• To preserve Hausdorffness it is enough if the quotient map is closed or equivalently if the corresponding decomposition is upper semi-continous. However note that even such simple closed map as gluing two points together may easily destroy the locally euclidean condition. – user87690 Sep 17 '13 at 17:40
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    Ironically, it is user43208 who satisfactorily answered your question, not the user whose answer got accepted and received the most votes so far. – Alex M. Jan 31 '16 at 15:05
  • Even more ironically, the best answer by far is the one by PVAL-inactive that received only two votes. – Moishe Kohan Mar 02 '18 at 19:21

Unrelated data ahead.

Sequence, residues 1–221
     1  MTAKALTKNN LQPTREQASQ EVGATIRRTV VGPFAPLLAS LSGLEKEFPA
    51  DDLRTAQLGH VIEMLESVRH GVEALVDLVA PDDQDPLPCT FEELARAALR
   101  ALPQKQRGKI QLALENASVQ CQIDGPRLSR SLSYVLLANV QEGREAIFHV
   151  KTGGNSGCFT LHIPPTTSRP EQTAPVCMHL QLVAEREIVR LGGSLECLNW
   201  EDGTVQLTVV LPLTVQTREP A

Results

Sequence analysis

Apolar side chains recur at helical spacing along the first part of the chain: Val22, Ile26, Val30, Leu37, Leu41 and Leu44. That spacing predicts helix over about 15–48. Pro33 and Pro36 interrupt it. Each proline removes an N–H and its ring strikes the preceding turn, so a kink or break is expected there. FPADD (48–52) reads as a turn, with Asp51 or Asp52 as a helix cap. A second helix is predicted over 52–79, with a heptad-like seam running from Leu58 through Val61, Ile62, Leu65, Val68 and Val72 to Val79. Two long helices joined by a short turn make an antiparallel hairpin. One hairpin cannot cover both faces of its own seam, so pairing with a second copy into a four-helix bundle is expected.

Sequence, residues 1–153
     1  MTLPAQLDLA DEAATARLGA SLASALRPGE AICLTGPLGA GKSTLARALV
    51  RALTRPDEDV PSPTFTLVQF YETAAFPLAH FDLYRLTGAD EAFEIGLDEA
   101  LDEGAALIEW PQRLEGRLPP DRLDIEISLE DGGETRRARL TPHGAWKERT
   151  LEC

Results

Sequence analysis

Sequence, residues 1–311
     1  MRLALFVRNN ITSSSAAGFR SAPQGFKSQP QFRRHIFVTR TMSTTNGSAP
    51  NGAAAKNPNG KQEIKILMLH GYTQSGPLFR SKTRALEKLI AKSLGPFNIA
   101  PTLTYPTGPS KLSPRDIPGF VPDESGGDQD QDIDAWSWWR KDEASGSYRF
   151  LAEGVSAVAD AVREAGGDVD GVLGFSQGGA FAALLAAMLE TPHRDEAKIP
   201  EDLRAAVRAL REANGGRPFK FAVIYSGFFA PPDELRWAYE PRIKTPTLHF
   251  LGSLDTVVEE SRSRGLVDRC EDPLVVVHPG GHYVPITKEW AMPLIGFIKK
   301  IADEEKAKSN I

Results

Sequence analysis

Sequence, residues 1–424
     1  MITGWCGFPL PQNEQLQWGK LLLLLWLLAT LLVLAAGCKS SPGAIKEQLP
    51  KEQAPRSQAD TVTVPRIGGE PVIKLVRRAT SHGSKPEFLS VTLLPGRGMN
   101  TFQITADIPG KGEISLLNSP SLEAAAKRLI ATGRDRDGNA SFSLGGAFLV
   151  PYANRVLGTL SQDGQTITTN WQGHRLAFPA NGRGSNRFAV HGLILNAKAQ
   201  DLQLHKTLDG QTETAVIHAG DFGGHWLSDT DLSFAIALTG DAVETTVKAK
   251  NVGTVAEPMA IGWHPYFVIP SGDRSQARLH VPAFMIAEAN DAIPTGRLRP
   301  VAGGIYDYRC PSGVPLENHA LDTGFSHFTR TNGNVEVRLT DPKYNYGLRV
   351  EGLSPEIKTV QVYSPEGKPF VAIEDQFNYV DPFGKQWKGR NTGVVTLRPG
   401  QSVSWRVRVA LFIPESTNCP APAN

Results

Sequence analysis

3 Answers3


As I'm sure you know, the category of smooth (topological?) manifolds is one of those categories where the objects are very nice but the category itself is terrible. I cannot describe the number of times I've heard the algebraic geometers curse the smooth category.

I am not certain this is a total classification, but From Lee's Introduction to Smooth Manifolds, Theorem 9.19:

If $\tilde M$ is a connected smooth manifold and $\Gamma$ is a discrete group acting smoothly, freely, and properly on $\tilde M$, then the quotient $\tilde M/\Gamma$ is a topological manifold and has a unique smooth structure such that $\pi: \tilde M \to \tilde M/\Gamma$ is a smooth covering map.

The manifold portion of this comes from the Quotient Manifold Theorem:

If $G$ is a Lie group acting smoothly, freely, and properly on a smooth manifold $M$, then the quotient space $M/G$ is a topological manifold with a unique smooth structure such that the quotient map $M \to M/G$ is a smooth submersion.